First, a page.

Then came marriage number two, another relationship. This time with a man who obviously adored me. What I wanted, I know now, was love but I didn’t know it then and I settled for obsession. Devastated by the loss of my children, I determined not to cheat on this man no matter what and for the most part I didn’t. (I still think that four or five times in 23 years was an almost unimaginable improvement. Not exactly congratulating myself, but still…) Ultimately however, my second husband’s obsession with me and his inability to allow me to hang out with women friends, or to visit my children, became too much. I began sneaking out to have lunch with women friends. Then he began displaying interest in another woman, an interest he claimed was strictly platonic. And, he probably thought it was but I recognized the behavior from when we’d first gotten together and he was married with a wife who’d been nine months pregnant. I knew right where that platonic relationship was going. I begged him to give it up because, as unsatisfactory a marriage as it was, I was used to it. Instead, he made a date with the other woman for lunch on our anniversary. That did it.

I had never been in love with him and I think he sensed that but I had love for him because he had stood by me through one of the most challenging times of my life when I had contracted a disease that disfigured my entire body and was threatening to kill me. It had required him to transport me to the hospital once a month for treatments meaning that he had to sleep in his car because he had a night job and he had to get sleep sometime. But at the same time, his demands for sex during that period when I was in a massive amount of pain, did not speak to me of love but only of his obsession with me.

Following that divorce, at 62, I spent one of the best years of my life, all alone, broke as all hell, in a third floor walk-up apartment in Woonsocket, Rhode Island with my daughter living nearby. Men? I didn’t even think about them. I discovered how much I enjoyed my own company, how much pleasure there was in the world, how many things to see and do. I attended a women-only dance party once a week where I could dance by myself till I dropped. I was in heaven and looking forward to spending the rest of my life blissfully as a single woman. But it was 2008 and the company that I worked for had to cut back and there were no jobs whatsoever in Woonsocket, Rhode Island or anywhere close by so I had to move back to New Jersey and my old job on the weekend of one of the worst snowstorms of the winter.

It was a short time I’d spent away but it was enough to let me know that life had a lot more to offer than what I’d been getting previously and so I decided, after settling in and coming to grips with the fact that I was living in New Jersey again, to splurge and spend money I didn’t really have to spend on a trip to a clothing optional resort that I’d used to visit with my second husband who was a nudist and a fan of volleyball which he played there. While I was not, and am not, a nudist, they also had dances there and I had discovered that dancing naked was one of my favorite things in the world, so after the ups and downs I’d been going through I decided to treat myself to a Saturday night of naked dancing because there is no safer place for a single woman than a nudist resort. (It’s true! Single women are like gold at a place like that and the resorts will do whatever they have to do to keep them feeling safe.)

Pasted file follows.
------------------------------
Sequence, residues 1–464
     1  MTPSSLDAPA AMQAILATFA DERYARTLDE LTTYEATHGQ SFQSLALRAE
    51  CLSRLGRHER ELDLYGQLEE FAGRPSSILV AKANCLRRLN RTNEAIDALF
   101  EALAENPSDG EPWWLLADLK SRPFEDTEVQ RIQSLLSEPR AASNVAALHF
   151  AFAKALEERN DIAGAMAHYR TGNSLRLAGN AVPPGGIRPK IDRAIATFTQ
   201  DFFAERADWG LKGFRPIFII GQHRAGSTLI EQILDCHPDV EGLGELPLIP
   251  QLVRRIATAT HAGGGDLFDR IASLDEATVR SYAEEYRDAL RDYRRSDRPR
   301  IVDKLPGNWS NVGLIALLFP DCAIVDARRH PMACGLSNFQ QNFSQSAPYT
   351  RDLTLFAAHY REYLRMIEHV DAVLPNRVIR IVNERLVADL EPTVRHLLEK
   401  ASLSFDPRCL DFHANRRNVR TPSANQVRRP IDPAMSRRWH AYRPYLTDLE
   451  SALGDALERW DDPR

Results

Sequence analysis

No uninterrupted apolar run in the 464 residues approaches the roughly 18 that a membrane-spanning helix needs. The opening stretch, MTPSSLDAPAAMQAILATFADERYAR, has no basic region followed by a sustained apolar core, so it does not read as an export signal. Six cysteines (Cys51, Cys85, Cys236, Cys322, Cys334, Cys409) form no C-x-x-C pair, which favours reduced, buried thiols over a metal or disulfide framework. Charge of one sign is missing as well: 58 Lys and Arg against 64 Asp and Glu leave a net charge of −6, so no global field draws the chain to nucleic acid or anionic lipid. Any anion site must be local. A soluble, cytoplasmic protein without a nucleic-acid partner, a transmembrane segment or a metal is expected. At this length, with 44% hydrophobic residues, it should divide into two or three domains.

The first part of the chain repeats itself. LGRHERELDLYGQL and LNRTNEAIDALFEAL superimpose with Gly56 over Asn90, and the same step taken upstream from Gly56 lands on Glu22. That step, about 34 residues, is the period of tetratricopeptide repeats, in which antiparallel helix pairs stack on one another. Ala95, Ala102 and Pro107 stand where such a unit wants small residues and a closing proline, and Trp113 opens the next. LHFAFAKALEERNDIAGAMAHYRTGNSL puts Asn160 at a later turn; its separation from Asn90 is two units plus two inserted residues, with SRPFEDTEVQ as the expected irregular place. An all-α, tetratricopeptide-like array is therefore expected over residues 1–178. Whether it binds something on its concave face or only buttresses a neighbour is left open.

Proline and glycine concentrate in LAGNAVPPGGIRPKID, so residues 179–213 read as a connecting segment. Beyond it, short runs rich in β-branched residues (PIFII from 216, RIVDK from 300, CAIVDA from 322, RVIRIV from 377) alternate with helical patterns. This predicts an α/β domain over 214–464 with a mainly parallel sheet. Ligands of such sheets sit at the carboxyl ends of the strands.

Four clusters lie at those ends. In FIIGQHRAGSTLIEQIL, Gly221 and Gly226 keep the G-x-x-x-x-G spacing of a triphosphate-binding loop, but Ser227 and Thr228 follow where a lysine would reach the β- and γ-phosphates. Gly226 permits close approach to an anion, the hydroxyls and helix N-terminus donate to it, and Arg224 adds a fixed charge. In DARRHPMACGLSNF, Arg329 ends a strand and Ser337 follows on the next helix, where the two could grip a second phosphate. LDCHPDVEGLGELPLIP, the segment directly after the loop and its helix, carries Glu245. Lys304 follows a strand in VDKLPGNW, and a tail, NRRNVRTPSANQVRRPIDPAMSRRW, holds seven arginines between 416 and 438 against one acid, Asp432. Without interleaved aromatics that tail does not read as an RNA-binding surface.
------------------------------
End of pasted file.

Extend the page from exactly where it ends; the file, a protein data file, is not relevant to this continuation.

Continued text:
I had a couple of friends nearby; I told them I would be there and asked if they would meet me so that I wouldn’t be at the dance alone and so hopefully men would not bother me by asking me to dance. And happily only one did… while my friends were dancing! It was a slow dance. I replied to him that I’d come to dance by myself and he nodded, smiling a little, retreating to his table and his friends. He thought he’d try again when a fast dance came on and took my second refusal equally well but followed it quickly with an invitation to coffee in the morning if I felt like it at the time and, as it turned out the next morning, I felt like a walk and a cup of coffee. Why not?

This was a gentle man. I could see it in his eyes, detect it in the way he treated me. And I learned from our conversation that he had built the house in which we were having coffee. We parted politely after exchanging Email addresses and the following day I Emailed him a link to a YouTube video clip of Yul Brenner and Deborah Kerr from The King and I: Shall We Dance? Two weeks later, passing through New Jersey with his daughter, on the way home from a family function, he called from the road asking if I’d like to meet them for lunch and I could see, from the relationship that they had, that my original assessment of him had been correct, he was, indeed a gentle man… and a good father.

Our relationship developed slowly as it was long distance, he in West Virginia and me in New Jersey, and that was perfect, allowing time to elapse in which we could get to know each other through frequent phone conversations before entering into a physical relationship. This was something I’d never done before. Courtship? I felt differently when I was with him than I’d ever felt before too; there was a fondness and a genuine caring that developed over the months. I missed him when we were apart; I’d never missed anyone except for my children in my whole life.

Over the course of my second marriage I had begun, very slowly, to change, a change that had been accelerated by various therapies (one that was all my own) and by the disease process that had taken me so close to death. The year I spent living alone had created a space in which I coalesced at a soul level, discovered my own value, began to respect the gifts I’d been given. As I’d learned to love my body and my soul, I began to understand love, to allow it to embrace me… and before another year had passed, love had brought me the gift of being able to attract someone who felt that love in me, someone whom I could love in return, finally understanding the all-encompassing acceptance that love requires both of self and the other.

We’ve been married now just over seven years. We know each other at a cellular level. I can’t remember now exactly how long it took for me to realize that for the first time in my life as a woman I was in love. “In love.”

A little over a year ago when he fell off the roof, I received the full impact of what it means to be in love. I functioned. Did everything I was supposed to do. But I was a flat out mess. He got mostly better though there are some lingering issues and I got all better. I got even better. I got to see how love had sustained me… and him. I have now learned how to trust in love and it has changed me profoundly.